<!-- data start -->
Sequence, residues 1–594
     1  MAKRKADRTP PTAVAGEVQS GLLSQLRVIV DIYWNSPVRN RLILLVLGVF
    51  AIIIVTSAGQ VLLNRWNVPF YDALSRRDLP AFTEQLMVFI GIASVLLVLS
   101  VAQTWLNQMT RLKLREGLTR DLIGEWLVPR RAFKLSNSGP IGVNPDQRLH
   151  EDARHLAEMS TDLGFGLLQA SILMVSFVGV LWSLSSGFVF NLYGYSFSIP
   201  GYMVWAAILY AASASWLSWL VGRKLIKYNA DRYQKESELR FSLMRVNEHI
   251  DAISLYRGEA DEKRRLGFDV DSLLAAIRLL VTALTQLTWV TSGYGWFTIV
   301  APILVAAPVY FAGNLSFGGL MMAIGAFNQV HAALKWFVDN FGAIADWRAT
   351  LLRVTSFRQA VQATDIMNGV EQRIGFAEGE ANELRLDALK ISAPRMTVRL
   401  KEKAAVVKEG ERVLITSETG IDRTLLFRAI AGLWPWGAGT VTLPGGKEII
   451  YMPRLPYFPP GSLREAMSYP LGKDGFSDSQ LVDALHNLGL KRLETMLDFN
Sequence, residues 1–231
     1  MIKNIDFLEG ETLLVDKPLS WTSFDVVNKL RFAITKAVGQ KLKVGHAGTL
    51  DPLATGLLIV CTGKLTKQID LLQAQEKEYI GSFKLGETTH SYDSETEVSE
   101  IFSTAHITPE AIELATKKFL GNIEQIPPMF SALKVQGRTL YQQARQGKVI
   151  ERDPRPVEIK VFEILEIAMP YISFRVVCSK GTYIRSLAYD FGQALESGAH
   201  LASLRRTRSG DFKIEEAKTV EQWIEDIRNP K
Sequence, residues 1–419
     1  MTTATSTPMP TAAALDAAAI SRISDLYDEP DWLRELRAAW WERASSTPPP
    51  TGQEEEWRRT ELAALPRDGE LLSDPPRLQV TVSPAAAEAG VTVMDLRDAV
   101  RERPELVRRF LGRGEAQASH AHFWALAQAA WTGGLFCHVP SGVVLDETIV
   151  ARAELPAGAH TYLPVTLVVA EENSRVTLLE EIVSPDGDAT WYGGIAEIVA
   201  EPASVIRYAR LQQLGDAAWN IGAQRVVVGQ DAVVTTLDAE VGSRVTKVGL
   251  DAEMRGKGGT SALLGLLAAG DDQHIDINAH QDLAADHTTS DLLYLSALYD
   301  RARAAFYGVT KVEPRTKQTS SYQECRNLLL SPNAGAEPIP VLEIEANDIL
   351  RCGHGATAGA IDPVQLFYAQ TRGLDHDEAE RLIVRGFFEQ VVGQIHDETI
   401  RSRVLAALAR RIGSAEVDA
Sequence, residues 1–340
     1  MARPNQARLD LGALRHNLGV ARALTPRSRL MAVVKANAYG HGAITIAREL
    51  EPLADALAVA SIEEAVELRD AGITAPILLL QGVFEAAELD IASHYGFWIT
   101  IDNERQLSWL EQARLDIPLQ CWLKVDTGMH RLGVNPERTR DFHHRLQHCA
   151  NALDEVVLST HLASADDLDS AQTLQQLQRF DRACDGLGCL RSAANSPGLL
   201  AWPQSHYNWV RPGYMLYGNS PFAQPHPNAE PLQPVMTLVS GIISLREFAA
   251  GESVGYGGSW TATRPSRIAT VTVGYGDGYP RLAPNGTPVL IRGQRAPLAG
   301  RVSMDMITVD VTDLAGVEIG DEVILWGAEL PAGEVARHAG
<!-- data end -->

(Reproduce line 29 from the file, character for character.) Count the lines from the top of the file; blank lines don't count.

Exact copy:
     1  MARPNQARLD LGALRHNLGV ARALTPRSRL MAVVKANAYG HGAITIAREL